He explained that the danger for such a structure is that if you move one story too much relative to its neighboring story, the entire building can pancake. The redesigned build stays up, but it nonetheless can develop a permanent kink, what actually happened to the building during the Northridge quake. After the quake, the elevators would no longer run because the shafts were out of alignment. He hopes that more buildings in Southern California will be instrumented to aid in our understanding of the impact of the waves on different types of structures.
Such simulations can help to guide future design and budgetary considerations.
Caltech shares shakemovies. After each event of magnitude 3.5 or greater, they generated an animation of the earthquake at shakemovie.caltech.edu. There, you can even sign up for e-mail alerts. He noted that efforts are under way to mirror the shakemovie site here at Princeton and to begin a new site that will provide comparable data for the entire globe for events of magnitude 5.5 or greater. Such efforts are useful, he emphasizes, for understanding events like the earthquake off Sumatra, which generated not only a huge tsunami but also waves that repeatedly circled the entire globe.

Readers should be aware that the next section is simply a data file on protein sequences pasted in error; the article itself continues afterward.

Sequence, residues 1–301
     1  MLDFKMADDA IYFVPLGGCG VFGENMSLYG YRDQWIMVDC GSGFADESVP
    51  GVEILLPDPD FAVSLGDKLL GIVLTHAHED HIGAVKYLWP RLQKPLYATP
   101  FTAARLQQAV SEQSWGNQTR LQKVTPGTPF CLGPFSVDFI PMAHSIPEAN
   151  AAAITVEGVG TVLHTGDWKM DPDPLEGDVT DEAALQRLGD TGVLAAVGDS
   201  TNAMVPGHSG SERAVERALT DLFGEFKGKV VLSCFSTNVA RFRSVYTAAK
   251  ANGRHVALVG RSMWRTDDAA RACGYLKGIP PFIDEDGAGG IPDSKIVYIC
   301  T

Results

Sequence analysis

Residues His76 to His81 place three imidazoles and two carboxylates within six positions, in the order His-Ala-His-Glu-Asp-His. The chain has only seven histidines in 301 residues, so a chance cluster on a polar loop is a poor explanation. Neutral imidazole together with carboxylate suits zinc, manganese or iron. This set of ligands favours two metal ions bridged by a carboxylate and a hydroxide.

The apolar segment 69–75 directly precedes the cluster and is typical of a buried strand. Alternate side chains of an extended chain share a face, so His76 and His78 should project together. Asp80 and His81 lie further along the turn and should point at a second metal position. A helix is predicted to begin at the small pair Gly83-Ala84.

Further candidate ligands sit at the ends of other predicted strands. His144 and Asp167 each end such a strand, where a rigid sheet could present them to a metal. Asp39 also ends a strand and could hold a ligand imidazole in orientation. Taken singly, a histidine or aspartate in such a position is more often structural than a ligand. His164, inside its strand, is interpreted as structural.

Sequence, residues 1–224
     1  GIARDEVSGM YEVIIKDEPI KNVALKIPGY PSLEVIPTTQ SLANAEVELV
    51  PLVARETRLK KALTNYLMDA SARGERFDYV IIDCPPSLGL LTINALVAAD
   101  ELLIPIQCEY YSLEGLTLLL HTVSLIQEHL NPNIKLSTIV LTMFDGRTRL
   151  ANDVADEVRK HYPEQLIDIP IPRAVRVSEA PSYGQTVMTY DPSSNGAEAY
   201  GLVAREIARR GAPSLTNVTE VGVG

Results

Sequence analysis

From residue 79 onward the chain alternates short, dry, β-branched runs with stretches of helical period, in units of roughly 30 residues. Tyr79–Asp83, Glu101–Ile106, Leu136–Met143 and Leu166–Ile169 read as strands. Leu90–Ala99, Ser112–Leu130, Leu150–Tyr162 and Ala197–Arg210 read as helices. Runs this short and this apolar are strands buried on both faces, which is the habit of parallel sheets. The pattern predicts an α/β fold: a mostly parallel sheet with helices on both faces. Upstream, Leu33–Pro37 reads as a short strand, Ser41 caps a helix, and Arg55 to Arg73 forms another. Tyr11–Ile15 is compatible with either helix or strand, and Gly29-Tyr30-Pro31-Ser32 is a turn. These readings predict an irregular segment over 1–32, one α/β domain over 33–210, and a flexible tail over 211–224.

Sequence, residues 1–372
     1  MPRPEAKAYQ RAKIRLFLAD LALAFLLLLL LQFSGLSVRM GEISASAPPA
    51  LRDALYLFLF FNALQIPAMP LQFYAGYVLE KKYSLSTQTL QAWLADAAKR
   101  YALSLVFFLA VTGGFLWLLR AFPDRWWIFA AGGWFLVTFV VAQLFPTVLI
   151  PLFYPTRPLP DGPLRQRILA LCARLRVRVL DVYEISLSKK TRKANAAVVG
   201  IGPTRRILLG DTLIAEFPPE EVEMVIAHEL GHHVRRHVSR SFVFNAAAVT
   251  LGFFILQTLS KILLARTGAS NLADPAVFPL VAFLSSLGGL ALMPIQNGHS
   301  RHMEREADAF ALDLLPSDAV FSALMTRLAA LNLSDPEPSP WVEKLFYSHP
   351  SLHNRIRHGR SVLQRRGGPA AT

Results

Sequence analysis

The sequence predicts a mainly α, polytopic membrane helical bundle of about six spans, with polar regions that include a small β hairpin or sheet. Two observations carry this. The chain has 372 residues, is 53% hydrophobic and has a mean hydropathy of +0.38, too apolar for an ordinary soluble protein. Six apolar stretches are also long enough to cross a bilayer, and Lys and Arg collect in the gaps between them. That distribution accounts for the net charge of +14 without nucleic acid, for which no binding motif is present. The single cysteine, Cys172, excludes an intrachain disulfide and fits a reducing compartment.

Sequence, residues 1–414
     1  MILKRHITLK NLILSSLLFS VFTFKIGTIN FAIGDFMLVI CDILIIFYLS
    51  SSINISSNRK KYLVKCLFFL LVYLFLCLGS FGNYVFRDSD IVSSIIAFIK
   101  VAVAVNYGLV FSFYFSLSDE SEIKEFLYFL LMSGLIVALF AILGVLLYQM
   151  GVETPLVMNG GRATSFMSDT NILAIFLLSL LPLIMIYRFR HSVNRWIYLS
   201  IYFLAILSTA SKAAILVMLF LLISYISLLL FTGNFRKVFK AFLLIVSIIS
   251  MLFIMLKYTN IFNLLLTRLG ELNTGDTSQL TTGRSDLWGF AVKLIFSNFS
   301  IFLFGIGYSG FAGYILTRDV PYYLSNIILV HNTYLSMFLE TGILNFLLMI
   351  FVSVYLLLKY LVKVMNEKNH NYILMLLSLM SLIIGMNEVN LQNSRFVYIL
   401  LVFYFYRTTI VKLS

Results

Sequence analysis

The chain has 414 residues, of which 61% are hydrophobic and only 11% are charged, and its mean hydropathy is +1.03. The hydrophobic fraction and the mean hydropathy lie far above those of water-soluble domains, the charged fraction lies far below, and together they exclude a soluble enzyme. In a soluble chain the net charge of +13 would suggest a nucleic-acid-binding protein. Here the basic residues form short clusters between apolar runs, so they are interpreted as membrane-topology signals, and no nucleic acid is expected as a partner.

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Anatoly Spitkovsky received his PhD from the University of California (Berkeley), worked as a post-doctoral fellow at Stanford, and received the Sloan Fellowship in 2007. Since 2006 an Assistant Professor in Princeton’s Astrophysical Sciences department, Spitkovsky presented “Simulations of Astrophysical Shocks,” first-principles plasma simulations of shock waves in astrophysics. His work seeks to address a very simple-sounding problem — what happens when two clouds of ionized gas collide in space?
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On earth, most shocks are mediated by physical collisions that involve density, temperature, and pressure changes. In space, although the shocks are fundamentally collisionless (a much, much longer path between particle contact than on earth), shocks still form and result in deceleration of supersonic flows on scales much smaller than mean free path. Spitkovsky used the Princeton’s high-performance computing facilities to simulate collisions between two clouds of plasma in order to understand the physics that drives collisionless shocks.